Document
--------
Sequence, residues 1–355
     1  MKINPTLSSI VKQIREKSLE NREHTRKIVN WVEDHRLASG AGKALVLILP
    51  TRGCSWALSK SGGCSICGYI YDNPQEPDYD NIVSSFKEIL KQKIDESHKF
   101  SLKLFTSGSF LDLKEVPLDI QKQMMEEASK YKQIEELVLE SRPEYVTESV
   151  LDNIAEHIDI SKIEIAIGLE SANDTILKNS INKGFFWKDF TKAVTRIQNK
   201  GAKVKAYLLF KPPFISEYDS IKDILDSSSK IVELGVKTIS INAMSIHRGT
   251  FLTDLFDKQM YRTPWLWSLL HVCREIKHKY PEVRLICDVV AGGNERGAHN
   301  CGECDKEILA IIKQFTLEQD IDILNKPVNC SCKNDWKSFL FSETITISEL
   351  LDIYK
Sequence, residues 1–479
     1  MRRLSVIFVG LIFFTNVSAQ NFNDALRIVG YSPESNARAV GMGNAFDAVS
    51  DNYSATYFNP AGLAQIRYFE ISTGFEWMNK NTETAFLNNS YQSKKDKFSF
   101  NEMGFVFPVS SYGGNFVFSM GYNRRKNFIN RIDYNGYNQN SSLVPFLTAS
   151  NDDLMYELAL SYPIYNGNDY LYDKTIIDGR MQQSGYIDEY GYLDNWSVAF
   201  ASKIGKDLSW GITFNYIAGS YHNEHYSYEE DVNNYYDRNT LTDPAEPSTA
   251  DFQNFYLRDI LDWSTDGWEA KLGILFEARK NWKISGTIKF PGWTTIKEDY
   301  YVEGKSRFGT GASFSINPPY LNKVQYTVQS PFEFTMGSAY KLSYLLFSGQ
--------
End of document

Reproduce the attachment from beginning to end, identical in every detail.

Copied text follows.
Sequence, residues 1–355
     1  MKINPTLSSI VKQIREKSLE NREHTRKIVN WVEDHRLASG AGKALVLILP
    51  TRGCSWALSK SGGCSICGYI YDNPQEPDYD NIVSSFKEIL KQKIDESHKF
   101  SLKLFTSGSF LDLKEVPLDI QKQMMEEASK YKQIEELVLE SRPEYVTESV
   151  LDNIAEHIDI SKIEIAIGLE SANDTILKNS INKGFFWKDF TKAVTRIQNK
   201  GAKVKAYLLF KPPFISEYDS IKDILDSSSK IVELGVKTIS INAMSIHRGT
   251  FLTDLFDKQM YRTPWLWSLL HVCREIKHKY PEVRLICDVV AGGNERGAHN
   301  CGECDKEILA IIKQFTLEQD IDILNKPVNC SCKNDWKSFL FSETITISEL
   351  LDIYK
Sequence, residues 1–479
     1  MRRLSVIFVG LIFFTNVSAQ NFNDALRIVG YSPESNARAV GMGNAFDAVS
    51  DNYSATYFNP AGLAQIRYFE ISTGFEWMNK NTETAFLNNS YQSKKDKFSF
   101  NEMGFVFPVS SYGGNFVFSM GYNRRKNFIN RIDYNGYNQN SSLVPFLTAS
   151  NDDLMYELAL SYPIYNGNDY LYDKTIIDGR MQQSGYIDEY GYLDNWSVAF
   201  ASKIGKDLSW GITFNYIAGS YHNEHYSYEE DVNNYYDRNT LTDPAEPSTA
   251  DFQNFYLRDI LDWSTDGWEA KLGILFEARK NWKISGTIKF PGWTTIKEDY
   301  YVEGKSRFGT GASFSINPPY LNKVQYTVQS PFEFTMGSAY KLSYLLFSGQ